I spent an exciting day at a business workshop in London.
My first shock of the day came when I introduced myself and stretched out my hand to shake one of whom I thought was a facilitator. She said; “no, you don’t need to shake my hand; I’m just here to sort out the video equipment”. My hand’s never been left hanging before. Hmm.
Thankfully I found a friendlier person in Vicky, the facilitator. She spoke slowly, carefully enunciating each word and with a smile. I think I’ll start to speak slower too.
Moving swiftly on I start to guess personalities and life histories of the rest of the delegates as they arrive.
The first to arrive was Sheila. Sheila’s in her mid-50s no doubt, very friendly with a cheery smile. When asked what her business was she proceeded to tell us how the company in which she had worked for 20 years went bust. So she took all her contacts with her and has now stared a business of her own, creating custom business stationery. She said the last two words with a nod. What we didn’t know at that time was she would go on to tell the whole story- nod included, each time she had cause to mention her business name.
Dot is a little round with a lovely haircut; she seemed really busy even as she walked to take her place. Everything with her seemed so rushed, like she was only present because she painstakingly edited her plan for the day and managed to squeeze in a few minutes for the workshop. This was further evidenced when she was asked what she hoped to get out of the course. While others listed an average of 5 points, she only had one. What her business was? She had two. The first she’d run for 3 years- a service to transvestites. At that point I crossed out her name from the list of people I’ll be staying in contact with. She went into detail about the fact that she was a naturist turned swinger. I crossed out her name some more. Then she finally told us her second business which was in project management. She talked in detail too about that, I re-wrote her name while trying to see signs of trans-vness in her.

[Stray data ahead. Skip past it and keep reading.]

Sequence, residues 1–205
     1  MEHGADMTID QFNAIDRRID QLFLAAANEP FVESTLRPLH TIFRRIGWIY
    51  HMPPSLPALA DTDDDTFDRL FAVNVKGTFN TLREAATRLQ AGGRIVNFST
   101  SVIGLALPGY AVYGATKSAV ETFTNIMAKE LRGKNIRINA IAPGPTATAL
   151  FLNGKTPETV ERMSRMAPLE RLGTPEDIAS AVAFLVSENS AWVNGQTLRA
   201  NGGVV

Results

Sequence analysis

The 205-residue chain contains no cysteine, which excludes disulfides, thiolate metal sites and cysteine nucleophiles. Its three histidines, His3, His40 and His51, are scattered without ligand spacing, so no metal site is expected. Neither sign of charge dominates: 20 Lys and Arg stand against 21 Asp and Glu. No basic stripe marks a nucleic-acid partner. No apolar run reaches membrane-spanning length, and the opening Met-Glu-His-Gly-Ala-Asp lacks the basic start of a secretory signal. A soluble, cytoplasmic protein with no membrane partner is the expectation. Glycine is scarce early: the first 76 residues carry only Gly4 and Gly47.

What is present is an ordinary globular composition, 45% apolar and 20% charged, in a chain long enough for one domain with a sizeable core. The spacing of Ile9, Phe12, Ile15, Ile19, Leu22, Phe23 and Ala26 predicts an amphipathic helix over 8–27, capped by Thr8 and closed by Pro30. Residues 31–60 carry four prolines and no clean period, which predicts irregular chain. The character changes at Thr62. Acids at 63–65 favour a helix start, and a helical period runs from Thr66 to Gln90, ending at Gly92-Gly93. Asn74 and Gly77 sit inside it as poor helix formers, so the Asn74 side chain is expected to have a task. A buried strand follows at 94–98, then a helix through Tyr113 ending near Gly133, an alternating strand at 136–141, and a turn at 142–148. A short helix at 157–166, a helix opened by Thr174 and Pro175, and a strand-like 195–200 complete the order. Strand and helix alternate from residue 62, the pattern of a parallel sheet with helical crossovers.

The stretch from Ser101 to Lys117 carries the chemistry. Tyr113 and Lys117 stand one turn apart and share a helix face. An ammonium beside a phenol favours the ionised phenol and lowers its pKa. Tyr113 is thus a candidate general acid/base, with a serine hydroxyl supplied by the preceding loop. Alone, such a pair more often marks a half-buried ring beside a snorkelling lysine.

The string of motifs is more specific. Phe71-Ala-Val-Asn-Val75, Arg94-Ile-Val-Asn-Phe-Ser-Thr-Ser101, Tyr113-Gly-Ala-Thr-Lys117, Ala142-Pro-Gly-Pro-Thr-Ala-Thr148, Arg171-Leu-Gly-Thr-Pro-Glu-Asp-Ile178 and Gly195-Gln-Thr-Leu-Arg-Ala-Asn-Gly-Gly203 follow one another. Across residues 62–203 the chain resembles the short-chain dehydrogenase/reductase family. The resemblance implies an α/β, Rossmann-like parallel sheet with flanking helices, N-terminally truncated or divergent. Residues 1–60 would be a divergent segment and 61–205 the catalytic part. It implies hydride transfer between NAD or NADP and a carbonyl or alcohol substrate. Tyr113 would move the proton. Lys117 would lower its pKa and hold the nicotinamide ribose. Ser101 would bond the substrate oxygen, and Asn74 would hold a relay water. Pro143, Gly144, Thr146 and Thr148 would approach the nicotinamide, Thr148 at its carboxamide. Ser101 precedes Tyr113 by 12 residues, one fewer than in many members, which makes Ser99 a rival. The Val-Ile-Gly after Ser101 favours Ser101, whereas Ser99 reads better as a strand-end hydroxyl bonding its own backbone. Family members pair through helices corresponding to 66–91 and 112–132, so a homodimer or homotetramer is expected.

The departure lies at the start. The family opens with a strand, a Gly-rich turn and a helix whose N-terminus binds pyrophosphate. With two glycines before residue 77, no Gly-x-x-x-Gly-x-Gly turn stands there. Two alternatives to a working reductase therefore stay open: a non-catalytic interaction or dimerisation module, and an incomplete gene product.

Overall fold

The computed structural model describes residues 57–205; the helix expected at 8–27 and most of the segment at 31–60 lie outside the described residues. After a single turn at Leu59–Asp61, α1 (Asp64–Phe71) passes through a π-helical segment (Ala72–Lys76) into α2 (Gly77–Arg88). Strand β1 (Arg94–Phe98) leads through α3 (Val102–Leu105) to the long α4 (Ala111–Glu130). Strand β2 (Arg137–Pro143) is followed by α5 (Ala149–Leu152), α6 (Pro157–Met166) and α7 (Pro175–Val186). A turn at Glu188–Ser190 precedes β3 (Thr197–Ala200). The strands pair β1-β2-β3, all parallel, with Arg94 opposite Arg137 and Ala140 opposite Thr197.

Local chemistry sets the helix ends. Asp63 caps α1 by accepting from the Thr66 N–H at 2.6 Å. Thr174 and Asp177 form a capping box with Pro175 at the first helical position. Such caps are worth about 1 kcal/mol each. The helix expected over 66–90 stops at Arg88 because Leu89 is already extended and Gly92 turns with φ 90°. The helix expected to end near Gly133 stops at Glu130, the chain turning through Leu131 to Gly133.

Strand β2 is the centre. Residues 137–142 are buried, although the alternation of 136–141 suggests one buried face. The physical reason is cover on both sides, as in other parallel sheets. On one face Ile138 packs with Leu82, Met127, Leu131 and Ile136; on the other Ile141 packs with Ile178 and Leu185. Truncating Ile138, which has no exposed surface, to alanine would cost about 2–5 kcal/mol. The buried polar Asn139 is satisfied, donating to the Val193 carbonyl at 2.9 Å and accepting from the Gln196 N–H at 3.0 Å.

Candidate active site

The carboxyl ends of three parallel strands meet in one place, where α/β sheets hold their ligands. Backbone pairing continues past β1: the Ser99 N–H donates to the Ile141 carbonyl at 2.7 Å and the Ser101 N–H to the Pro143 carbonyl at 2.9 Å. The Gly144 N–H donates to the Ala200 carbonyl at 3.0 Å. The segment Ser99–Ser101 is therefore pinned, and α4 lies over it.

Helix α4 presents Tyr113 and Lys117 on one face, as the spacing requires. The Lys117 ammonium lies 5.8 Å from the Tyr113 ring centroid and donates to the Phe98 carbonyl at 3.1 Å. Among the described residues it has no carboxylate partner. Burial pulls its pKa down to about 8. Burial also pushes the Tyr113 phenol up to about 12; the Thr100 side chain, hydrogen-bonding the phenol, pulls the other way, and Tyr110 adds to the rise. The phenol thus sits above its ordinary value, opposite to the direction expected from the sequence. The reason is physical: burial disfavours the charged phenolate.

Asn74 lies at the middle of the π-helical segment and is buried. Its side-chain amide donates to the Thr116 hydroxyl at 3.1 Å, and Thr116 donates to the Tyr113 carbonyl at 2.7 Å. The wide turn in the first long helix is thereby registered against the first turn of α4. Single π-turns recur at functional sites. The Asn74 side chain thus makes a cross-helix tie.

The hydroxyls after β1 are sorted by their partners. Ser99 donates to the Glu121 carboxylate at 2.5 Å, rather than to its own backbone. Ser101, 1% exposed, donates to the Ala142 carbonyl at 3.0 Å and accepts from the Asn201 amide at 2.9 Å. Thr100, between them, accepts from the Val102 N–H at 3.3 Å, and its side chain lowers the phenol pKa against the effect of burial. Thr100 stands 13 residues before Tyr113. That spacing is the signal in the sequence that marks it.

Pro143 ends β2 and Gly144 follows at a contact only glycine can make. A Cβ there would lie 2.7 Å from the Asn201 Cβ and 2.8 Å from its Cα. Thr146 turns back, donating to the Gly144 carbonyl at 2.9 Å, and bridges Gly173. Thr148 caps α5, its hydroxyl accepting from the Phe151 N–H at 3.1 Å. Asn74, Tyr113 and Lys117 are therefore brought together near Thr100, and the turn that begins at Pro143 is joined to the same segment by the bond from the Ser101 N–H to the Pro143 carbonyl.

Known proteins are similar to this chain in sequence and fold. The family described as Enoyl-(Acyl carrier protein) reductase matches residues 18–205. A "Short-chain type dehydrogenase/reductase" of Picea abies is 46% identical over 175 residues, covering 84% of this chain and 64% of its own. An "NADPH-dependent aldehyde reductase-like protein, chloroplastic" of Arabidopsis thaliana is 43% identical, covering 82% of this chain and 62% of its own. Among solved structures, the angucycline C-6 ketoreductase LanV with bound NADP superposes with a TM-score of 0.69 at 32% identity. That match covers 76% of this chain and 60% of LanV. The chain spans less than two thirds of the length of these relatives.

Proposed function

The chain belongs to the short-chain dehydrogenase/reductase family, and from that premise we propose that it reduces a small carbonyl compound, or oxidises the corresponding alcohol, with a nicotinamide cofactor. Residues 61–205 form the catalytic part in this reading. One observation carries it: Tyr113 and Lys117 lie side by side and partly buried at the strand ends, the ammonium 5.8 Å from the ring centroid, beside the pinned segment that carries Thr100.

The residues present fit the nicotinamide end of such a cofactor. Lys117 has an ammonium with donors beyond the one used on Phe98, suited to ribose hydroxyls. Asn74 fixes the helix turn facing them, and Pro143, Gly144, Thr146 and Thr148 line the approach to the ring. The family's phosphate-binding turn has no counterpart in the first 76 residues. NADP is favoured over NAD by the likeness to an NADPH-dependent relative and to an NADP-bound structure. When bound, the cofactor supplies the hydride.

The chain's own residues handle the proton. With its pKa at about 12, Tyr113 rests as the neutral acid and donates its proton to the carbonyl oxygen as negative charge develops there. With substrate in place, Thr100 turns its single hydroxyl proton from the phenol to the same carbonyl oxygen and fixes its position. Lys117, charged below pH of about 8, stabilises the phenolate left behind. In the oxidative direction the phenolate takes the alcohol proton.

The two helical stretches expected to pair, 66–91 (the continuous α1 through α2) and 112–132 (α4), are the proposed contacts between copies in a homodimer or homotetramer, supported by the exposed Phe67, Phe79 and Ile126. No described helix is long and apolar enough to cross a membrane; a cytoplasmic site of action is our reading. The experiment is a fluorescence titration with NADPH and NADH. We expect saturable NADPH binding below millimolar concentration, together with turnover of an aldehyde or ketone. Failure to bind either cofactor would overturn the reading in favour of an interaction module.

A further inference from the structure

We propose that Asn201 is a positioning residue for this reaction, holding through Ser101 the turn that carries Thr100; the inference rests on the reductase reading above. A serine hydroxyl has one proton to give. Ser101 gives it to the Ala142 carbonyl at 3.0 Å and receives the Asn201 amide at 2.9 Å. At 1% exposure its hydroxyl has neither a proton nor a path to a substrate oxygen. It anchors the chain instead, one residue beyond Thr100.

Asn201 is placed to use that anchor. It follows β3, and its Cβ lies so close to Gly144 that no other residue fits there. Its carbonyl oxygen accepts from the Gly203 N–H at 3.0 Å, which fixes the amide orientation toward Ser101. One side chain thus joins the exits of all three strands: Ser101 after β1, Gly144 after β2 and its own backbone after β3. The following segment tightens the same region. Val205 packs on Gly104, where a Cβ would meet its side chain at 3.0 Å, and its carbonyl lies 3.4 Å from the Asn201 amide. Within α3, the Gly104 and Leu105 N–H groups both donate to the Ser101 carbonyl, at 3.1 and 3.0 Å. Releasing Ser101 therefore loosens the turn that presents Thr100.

Carpet Seller. Bless his heart he came with his daughter as he wasn’t computer savvy so she could help him out. Sweet guy, but had me wondering why he attended the course especially as he kept reiterating he was going to keep doing things the way he always had, even though the course was designed to reduce paperwork and make better use of one’s time.
I don’t think Ruhul knew why he was on the course. Recently arrived from Sri-Lanka, his bosses paid for and sent him on it, without telling him why. Lovely guy.
As Vicky wrote out our plan for the day on her flipchart, my eyes lingered on lunch time. You see years ago- in our student days Tinuke and I used to traipse around London, favouring good street markets. One of such markets was Leather Lane. I hadn’t been there in at least 15 years and couldn’t wait to go back. Vicky asked if 45mins was enough for lunch and I resisted the urge to shout NO!!!
The market has changed so much. Back then we used to buy high-street label clothes and shoes for a fraction of the price tag. There didn’t seem that many exciting clothes any more. I saw some beautiful leather bags which I priced for Suzy, she needs a tote bag. It was £75 and retailed for £250. He’s usually there on weekdays and Camden market on Saturdays.
I had no idea we had street food in London, besides hot dogs and burgers. The market smelled delicious- Greek, Lebanese, Mexican, Mediterranean you name it all was sold on the street. It was divine. Reminded me of New York. I went for Mexican and I tell you, it was good. Didn’t quite compare to Willy’s but it was pretty close. Now I had to face the challenge of eating it all up before my time (now 5mins) was up. And I did.
Thanks so much for reading, do come back!